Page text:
Published on June 5, 2020

Let’s Share the Trails

If you’ve been along our trail system in the last few weeks, then you know how busy it’s become. Our trails are lush with trees, bustling with wildlife, and expansive with all the parks and neighbourhoods they connect to; it’s no wonder they’re a hot spot! The trails run through the heart of our city and are cherished in the hearts of many residents and visitors who set foot in them. 

With our trails being one of the few places individuals can recreate safely, it’s no surprise they’re even more jam packed than usual. We want to keep our trails safe so everyone can enjoy them for the beautiful summer ahead. If you’re unfamiliar with our trail etiquette, read below for some helpful tips to keep yourself and your family protected and healthy on your next trail adventure. 

Physical Distancing on Trails

  • Be courteous of others who are sharing the path and observe physical distancing. 
  • Share these spaces responsibly and alert others to your presence by using your voice, bell or horn as appropriate.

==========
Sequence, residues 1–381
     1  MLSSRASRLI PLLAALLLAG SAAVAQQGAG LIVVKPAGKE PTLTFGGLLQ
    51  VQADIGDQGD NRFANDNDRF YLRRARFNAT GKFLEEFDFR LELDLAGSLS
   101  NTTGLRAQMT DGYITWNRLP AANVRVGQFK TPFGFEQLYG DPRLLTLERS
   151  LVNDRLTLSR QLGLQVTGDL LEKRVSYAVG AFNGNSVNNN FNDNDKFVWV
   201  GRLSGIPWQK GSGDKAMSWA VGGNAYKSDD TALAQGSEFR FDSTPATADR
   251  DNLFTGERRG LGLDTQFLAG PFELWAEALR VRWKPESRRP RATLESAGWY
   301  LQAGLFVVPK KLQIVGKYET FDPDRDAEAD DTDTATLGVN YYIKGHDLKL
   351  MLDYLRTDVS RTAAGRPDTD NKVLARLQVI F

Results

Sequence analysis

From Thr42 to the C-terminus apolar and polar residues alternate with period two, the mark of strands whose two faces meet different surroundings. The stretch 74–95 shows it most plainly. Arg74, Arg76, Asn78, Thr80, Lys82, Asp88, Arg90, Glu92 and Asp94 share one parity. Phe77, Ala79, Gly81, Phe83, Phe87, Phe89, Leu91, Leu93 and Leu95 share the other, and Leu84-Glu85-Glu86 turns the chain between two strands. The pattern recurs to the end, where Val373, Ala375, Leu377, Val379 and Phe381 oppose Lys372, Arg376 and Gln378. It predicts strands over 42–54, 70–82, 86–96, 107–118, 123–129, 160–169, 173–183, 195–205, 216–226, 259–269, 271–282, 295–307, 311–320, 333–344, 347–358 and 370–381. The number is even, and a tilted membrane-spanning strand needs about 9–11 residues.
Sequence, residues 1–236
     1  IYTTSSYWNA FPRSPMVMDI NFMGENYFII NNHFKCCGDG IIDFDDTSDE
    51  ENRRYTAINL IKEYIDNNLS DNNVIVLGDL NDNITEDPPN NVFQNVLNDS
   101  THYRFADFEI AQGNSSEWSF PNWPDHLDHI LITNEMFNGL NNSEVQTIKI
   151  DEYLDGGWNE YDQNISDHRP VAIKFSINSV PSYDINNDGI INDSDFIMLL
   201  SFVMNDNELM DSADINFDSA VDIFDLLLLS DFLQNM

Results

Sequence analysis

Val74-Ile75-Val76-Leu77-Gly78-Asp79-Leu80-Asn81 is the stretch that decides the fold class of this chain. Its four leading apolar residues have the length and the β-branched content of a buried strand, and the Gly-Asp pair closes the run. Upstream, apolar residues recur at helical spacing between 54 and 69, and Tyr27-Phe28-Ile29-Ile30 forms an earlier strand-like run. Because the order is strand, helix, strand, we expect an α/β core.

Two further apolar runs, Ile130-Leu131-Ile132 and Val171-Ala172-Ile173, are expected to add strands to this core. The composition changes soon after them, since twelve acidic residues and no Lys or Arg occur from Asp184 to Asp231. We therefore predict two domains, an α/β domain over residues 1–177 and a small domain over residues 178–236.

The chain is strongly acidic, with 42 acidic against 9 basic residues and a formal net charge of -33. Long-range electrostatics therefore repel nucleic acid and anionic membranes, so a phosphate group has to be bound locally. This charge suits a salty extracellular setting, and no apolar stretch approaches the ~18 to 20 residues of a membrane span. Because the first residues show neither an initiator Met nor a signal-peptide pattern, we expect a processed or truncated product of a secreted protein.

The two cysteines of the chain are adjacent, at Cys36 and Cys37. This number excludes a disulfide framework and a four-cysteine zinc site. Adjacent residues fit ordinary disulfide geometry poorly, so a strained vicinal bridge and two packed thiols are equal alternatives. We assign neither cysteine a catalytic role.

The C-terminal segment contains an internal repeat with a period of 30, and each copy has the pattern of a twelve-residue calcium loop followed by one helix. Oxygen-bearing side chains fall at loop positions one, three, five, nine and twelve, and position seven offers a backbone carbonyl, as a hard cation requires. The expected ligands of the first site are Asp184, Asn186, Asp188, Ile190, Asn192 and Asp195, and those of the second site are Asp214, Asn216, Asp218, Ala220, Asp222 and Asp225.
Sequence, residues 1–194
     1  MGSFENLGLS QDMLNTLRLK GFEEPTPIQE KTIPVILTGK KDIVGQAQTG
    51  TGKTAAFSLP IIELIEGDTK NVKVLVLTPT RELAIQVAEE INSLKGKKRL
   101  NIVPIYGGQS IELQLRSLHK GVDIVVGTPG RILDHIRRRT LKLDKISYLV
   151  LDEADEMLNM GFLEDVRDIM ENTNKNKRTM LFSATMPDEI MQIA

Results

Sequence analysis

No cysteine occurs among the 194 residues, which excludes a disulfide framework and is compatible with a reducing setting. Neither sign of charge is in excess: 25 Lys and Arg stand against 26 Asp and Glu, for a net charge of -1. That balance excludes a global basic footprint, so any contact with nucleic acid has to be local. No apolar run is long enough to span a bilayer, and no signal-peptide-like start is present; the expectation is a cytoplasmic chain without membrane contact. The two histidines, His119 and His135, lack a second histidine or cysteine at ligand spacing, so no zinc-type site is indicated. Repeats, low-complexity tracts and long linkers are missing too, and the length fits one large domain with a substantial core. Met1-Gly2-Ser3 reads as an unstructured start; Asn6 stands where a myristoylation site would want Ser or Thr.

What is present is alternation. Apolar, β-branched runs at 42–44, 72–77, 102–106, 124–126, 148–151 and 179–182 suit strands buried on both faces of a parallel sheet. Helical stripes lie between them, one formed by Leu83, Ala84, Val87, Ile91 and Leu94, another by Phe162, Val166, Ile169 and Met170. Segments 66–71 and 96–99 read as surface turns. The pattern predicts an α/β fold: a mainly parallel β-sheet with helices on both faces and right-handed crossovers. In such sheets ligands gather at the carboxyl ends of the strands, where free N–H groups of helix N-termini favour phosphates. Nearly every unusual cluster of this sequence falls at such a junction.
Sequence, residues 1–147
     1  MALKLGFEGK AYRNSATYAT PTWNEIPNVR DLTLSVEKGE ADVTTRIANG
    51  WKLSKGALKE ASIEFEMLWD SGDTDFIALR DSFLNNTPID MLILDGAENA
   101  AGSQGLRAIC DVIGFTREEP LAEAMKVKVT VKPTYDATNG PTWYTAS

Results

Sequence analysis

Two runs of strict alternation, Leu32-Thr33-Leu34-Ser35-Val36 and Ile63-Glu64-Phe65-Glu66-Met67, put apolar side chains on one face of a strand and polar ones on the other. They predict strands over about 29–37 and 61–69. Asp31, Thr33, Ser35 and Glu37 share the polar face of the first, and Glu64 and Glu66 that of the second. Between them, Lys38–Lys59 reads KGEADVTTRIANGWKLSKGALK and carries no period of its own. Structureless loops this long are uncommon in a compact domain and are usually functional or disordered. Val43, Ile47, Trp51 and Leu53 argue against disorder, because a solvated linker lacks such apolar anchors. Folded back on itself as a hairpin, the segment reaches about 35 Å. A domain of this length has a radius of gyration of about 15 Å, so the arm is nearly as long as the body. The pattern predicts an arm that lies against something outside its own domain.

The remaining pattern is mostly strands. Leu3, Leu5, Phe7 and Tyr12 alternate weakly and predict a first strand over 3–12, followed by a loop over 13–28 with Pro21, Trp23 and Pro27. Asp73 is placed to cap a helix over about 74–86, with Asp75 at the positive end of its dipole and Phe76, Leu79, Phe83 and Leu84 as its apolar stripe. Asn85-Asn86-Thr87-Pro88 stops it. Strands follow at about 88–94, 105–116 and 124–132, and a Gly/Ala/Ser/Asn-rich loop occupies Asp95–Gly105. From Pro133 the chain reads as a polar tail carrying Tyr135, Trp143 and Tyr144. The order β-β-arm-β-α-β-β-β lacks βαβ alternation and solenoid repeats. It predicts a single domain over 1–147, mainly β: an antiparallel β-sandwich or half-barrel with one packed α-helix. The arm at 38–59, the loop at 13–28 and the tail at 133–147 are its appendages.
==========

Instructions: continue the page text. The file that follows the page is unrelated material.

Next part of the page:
Cartoon of a person and cyclist 6 feet apart

Right of Way and Yield

  • Keep to the right of the pathway except when passing or turning left and move off the trail to the right when stopping. 
  • Yield to slower moving traffic: cyclists to pedestrians, joggers to walkers. Move off to the right side of the trail for less mobile users.

A cyclist and person walking sharing the trail

Ring Your Bell

  • Notify others on trails that you’re approaching. 
  • It is law in Alberta to have a horn or bell on a bike and not having one can cost a cyclist $78 in fines. 

Bell on handle bars of a bike

Exercise Caution

  • Remain at a safe speed so you can quickly brake or stop if needed. 
  • Remember to shoulder check and look behind you each time you turn or move out to pass, and always use your hand signals.

Rollerblade tilted up using its brake

Share Responsibility

  • Lead by example and help teach each other proper trail etiquette.

Dogs On-Leash

  • Please ensure your dog is on-leash when using or within one metre of any trail. This includes trails within off-leash areas.

Two people biking on Red Willow Trail

A dog on a leash

We thank everyone who is being diligent about physical distancing and practicing etiquette on the trails. Let’s keep up the good work!

Learn more and view the Trail Map


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Last edited: June 9, 2020